French frigate Immortalité (1795)

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Capture or Immortalite 217052.JPG
Capture of Immortalité by HMS Fisgard
French Navy EnsignFrance
  • Immortalité
  • (English: 'Immortality')
Builder: Brest, France
Laid down: May 1794
Launched: 7 January 1795
In service: February 1795
Royal Navy EnsignUnited Kingdom
Name: Immortalite
Acquired: 20 October 1798
Fate: Broken up in July 1806
General characteristics
Class and type: Romaine class frigate
Displacement: 700 tonnes
Length: 45.5 m (149 ft)
Beam: 11.8 m (39 ft)
Draught: 5 m (16 ft)
Propulsion: Sail
  • 40 guns:
  • 24 24-pounders
  • 16 8-pounders
Armour: Timber

The Immortalité was a Romaine class frigate of the French Navy.

She took part in the Expédition d'Irlande, and was captured shortly after the Battle of Tory Island by HMS Fisgard. She was recommissioned in the Royal Navy as HMS Immortalite and had an active career on the Home Station.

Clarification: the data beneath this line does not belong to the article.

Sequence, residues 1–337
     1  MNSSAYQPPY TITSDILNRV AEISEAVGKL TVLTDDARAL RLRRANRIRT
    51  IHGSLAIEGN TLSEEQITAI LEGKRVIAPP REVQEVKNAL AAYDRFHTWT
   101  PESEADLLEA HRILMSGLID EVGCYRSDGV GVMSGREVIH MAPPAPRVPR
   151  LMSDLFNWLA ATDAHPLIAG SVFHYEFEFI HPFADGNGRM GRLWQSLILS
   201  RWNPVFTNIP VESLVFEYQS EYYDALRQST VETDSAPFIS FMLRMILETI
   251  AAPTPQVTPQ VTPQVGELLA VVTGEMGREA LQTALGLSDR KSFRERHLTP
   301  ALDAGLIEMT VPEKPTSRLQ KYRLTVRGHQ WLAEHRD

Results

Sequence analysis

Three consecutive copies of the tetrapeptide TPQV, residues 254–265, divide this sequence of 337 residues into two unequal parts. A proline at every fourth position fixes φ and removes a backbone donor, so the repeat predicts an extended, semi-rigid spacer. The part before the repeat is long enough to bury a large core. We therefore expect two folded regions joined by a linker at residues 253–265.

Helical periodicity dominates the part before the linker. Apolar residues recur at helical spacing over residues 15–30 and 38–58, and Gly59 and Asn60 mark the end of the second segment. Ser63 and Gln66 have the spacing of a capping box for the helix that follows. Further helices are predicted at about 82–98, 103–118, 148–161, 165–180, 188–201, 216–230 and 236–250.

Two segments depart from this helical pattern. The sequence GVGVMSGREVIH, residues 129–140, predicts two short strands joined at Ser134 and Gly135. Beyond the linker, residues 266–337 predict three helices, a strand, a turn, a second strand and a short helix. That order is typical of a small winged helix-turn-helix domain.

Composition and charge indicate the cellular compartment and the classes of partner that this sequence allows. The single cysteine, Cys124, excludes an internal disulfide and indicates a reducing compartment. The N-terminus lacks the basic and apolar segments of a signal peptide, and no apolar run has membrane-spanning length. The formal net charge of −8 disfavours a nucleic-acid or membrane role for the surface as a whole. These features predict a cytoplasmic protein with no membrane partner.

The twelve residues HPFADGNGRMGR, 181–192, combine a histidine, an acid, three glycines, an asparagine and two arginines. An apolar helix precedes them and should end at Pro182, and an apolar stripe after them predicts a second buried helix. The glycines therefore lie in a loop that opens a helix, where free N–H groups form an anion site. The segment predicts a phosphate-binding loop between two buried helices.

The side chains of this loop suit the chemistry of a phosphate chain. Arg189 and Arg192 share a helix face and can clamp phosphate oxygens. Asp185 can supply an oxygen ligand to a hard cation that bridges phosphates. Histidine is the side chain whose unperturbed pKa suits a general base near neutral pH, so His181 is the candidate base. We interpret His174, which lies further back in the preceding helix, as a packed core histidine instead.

Napoleonic Wars[edit]

In the months before the resumption of war with France, the Navy started preparations that included impressing seamen. The crews of outbound Indiamen were an attractive target. Woodford and Ganges were sitting in the Thames in March 1803, taking their crews on board just prior to sailing. At sunset, a press gang from Immortalite rowed up to Woodford, while boats from HMS Amethyst and HMS Lynx approached Ganges. As the press gangs approached they were noticed, and the crews of both Indiamen were piped to quarters. That is, they assembled on the decks armed with pikes and cutlasses, and anything they could throw. The officers in charge of the press gangs thought this mere bravado and pulled alongside the Indiamen, only to meet a severe resistance from the crewmen, who had absolutely no desire to serve in the Royal Navy. The men from Immortalite suffered several injuries from shot and pike that were thrown at them, and eventually opened fire with muskets, killing two sailors on Woodford. Even so, the press gangs were not able to get on board either Indiaman, and eventually withdrew some distance. When Woodford's officers finally permitted the press gang from Immortalite to board, all they found on board were a few sickly sailors.[1]


Immortalite was broken up in July 1806.

External links[edit]


  1. ^ Crawford (1851), pp. 103–7.